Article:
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Old 10-01-2016, 11:25 AM   #1
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Will 30 amp run the heaters?

Being from Florida and looking to go to colder climates this fall and winter (in other words 40 degrees is very cold for us), and we areunsure about heater use. I know that we need a 50 amp to run our two a/c units, but wasn't sure about heat. Is as much power needed to run the heater? Will 30 amp do? Maybe I'm optimistic but what about 20 amp?

Sorry for the basic question but new to this so looking for any helpful advice. I know the propane supplies the heat, but I assume some sort of electric is needed to run the heater itself.
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Old 10-01-2016, 11:32 AM   #2
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No problems running the propane furnace of course, but if you want straight electric heat then you are limited to about 3000 watts.
Your propane furnace fan draws approximately 8 amps at 12V so your converter, battery charger won't even notice it.
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Old 10-01-2016, 11:39 AM   #3
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if you run a electric heater, run it on a circuit that you dont use much. also run it on the lower setting. the high setting takes all 15 amps on that circuit
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Old 10-01-2016, 12:17 PM   #4
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Although I need 50 amps to run both AC's, the heat is propane and requires 12v for the blower. The 30 amps should keep the inverter creating 12v so if yours is the same you should be fine. I am from South Florida and heading to Chicago at the end of October for a few days. Going to only have a 15 amp extension cord available but that should work fine. Worst case I will run the genny..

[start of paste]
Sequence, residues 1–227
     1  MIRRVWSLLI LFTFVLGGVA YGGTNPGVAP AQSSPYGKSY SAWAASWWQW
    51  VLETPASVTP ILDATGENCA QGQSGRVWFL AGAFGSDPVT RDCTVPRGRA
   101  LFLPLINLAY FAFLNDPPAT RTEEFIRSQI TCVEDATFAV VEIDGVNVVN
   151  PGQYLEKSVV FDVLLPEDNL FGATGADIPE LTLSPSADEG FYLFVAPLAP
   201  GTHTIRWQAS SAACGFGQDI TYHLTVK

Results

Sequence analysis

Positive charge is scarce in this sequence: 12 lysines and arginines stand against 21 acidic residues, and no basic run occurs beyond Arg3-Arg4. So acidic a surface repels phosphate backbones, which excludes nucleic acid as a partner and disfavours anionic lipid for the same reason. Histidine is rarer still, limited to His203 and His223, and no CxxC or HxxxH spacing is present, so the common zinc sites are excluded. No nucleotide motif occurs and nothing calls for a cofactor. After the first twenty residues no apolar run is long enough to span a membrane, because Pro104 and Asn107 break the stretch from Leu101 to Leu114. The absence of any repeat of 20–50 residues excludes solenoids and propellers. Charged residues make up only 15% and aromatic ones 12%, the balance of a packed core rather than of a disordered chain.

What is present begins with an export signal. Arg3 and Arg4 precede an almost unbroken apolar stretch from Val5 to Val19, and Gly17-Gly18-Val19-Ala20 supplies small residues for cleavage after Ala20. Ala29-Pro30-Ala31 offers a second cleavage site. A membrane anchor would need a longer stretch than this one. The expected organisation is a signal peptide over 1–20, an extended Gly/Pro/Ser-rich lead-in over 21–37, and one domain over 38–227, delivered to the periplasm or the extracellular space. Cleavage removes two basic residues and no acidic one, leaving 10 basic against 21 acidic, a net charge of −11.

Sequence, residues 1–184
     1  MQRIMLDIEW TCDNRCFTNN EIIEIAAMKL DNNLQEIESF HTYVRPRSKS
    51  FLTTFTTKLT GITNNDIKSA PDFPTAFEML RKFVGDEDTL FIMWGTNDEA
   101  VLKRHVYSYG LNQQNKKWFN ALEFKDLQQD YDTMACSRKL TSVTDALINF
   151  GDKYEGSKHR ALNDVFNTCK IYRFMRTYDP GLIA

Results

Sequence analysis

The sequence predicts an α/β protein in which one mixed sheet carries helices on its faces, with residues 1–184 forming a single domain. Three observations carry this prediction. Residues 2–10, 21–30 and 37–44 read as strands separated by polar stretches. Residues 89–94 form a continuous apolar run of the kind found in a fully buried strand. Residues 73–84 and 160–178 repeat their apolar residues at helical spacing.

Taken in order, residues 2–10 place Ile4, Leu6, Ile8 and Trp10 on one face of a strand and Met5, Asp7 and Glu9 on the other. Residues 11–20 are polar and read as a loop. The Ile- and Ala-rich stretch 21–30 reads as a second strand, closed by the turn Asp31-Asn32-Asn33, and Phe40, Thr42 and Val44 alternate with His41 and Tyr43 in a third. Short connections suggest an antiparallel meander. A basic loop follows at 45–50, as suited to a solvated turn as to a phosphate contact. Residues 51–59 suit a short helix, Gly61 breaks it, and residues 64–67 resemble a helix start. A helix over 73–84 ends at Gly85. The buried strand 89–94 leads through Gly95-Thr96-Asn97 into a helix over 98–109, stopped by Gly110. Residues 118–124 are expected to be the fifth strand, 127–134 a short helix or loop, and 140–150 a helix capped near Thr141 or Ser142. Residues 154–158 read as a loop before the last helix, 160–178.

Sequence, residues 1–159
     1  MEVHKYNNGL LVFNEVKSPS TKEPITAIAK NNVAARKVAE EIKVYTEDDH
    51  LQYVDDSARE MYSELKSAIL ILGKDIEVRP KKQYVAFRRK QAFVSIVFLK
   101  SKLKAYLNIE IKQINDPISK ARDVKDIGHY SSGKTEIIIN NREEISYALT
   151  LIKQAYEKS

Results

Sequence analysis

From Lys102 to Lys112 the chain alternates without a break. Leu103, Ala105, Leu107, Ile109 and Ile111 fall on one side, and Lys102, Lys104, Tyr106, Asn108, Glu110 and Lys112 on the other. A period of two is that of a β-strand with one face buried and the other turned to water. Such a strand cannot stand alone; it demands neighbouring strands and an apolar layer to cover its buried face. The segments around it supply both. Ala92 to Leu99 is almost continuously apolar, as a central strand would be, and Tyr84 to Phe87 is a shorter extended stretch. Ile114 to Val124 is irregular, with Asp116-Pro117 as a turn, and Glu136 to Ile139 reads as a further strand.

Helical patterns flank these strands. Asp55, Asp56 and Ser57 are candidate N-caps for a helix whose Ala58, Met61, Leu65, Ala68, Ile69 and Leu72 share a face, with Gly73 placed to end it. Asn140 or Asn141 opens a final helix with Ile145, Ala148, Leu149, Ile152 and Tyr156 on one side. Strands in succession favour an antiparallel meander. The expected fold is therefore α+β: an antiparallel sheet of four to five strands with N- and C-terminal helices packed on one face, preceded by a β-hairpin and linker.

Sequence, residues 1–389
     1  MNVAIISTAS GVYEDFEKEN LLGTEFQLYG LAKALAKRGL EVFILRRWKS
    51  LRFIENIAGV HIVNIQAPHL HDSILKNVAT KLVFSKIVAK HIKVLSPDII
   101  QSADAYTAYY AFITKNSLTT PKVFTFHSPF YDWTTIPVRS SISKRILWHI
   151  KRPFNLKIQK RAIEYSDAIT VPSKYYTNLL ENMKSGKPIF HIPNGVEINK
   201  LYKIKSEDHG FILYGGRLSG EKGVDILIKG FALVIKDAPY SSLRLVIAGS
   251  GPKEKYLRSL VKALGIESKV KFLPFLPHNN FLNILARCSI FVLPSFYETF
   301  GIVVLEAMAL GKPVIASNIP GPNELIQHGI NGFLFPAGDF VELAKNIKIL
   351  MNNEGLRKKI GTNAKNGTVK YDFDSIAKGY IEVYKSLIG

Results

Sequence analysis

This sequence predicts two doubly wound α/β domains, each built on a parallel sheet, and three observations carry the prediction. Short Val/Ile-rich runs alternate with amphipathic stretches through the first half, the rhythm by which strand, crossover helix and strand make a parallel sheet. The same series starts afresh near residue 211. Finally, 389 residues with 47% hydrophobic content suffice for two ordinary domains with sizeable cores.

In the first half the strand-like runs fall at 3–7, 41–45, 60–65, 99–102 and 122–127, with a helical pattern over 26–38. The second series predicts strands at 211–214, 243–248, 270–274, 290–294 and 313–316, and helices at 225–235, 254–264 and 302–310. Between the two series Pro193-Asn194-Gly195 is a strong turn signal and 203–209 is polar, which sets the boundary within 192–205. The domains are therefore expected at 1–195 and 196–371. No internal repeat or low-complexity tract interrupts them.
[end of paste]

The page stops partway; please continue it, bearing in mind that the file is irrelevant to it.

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Old 10-02-2016, 12:04 AM   #5
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angelbones, you'll get varying answers unless you are more specific. What heaters are you talking about? Are your roof units heat pumps as well as A/C? Are you talking about a propane furnace? Electric space heaters?
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Old 10-02-2016, 06:40 AM   #6
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A single 1600 to 1800 watt electric heater will use all of 15 amps. Two would use 30. NOTHING left. So, two, on high, are out.

One, with 30 amps, would be fine. I like to use a heater with a high/low switch, and use the low if at all possible.
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Old 10-02-2016, 07:00 AM   #7
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Most plug-in electric heaters are around 1500 watts. You should be able to use one heater plus one other major appliance (hair dryer, clothes dryer, microwave, water heater on electric, etc.) without tripping the breaker on the pedestal.

In my experience, an RV looses too much heat at 40 for one electric heater to keep it nice and warm - unless the RV is very small or unless sun is out to help heat things up. At 40 with no sun you will probably need to run a heat pump if you have one or the furnace.
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Old 10-02-2016, 07:00 AM   #8
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Quote:
Originally Posted by mpierce View Post
A single 1600 to 1800 watt electric heater will use all of 15 amps. Two would use 30. NOTHING left. So, two, on high, are out.
One, with 30 amps, would be fine. I like to use a heater with a high/low switch, and use the low if at all possible.
mpierce
There are is no such thing as a 1600 or 1800 watt 120VAC electric heater.

The most that any 120VAC electric heater will draw is 1500 watts, ...(whether it cost $15 or $250).

1500 watts of energy uses 12.5 amps.
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Old 10-02-2016, 08:51 AM   #9
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Mpierce is right. That's why your toaster takes so long to make breakfast!
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Old 10-02-2016, 08:52 AM   #10